Friday, November 2, 2012

Giveaway: Bilingual Spanish book "Tim and Kim'

"Tim and Kim" by Kay Linda Nord is such a cute book, perfect for kids learning Spanish! 

You have several entries possible!

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Monday, October 22, 2012

Salta Ranita Salta

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For our little Spanish class today I focused on the book Salta Ranita Salta

We began class with our little routine.
We sang:
Buenos Dias
Me llamo
Te quiero
To review colors I asked "De que color es tu camisa?"
Then I asked them "Quien lleva rojo..."
I instructed my cute little students to stand and say "yo llevo rojo."
(By the way there is a lot of whispering the answer to some of the students on my part.  And that is ok!  When they do say the answer, even if I whisper first, I offer a lot of woo hoo's, buen trabajo's or high fives.)

Next we reviewed numbers 1-10 with the song 1, 2, 3  using our fingers to represent each number.
Next I began to teach some of the new vocabulary from the book Salta Ranita Salta.

I created this page of pictures representing 11 words from Salta Ranita Salta.  I printed the page and cut out each picture.  Then I showed each to the students saying "Esta es una rana.  Pueden decir rana?  La rana dice ribbit, ribbit.  Que dice la rana?"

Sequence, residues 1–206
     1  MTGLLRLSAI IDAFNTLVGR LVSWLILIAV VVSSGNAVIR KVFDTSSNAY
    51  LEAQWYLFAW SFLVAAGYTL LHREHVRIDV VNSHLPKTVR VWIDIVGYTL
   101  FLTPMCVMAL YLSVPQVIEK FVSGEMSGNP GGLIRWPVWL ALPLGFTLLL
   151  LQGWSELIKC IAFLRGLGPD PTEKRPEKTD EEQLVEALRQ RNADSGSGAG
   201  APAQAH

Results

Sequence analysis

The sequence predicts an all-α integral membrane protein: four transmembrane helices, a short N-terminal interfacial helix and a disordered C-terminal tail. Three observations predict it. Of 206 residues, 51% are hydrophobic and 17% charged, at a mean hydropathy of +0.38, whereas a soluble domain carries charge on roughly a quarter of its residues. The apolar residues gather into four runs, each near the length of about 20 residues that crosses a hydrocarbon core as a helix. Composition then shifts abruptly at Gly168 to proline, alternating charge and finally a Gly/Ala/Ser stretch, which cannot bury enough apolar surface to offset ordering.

For mosca I said "Esta es una mosca.  Pueden decir mosca.  Te gustan moscas?  No? Pero la rana le gustan las moscas.  La rana usa su lengua larga para comer las moscas."  I always ham it up a little and make sure to mime as many actions as I can.
Next I had got out number cards 1-10 and we said the numbers again.  I handed each student one of the pictures from the above activity and told them to put the picture on a number.  For example I said "pon el pez debajo de numero cinco."  I said "I'm going to choose the quietest person for the next one."  When there were pictures under each number I asked Donde esta el pez.  I told students to respond with the correct number. This proved to be a little difficult for most of my students.  So I cut this activity a little short as attention spans were starting to wane.  

I got out the book Salta Ranita Salta and reminded students how we had played a game jumping over a  hat saying each person's name.  For example before Rachel jumped over the hat we said "Salta Rachel, salta!"  Then I explained that a ranita is a little frog and that rana is frog.  I read the title and all my students knew that salta ranita salta meant jump little frog, jump.

After reading the story I told my students that they had their own pictures to color.  As they were coloring I gave them the words in Spanish to label each picture commenting over and over about the words, asking what color their snake or frog was and so on.  Here is the sheet I created with some of the vocabulary words from Salta Ranita salta.  I put the glue on and they put them in the correct spot.

Nervous about reading a book to your students that is all in Spanish?  Read this post.

Do you do another activity with Salta ranita salta that I haven't mentioned?  Let us know in the comment section.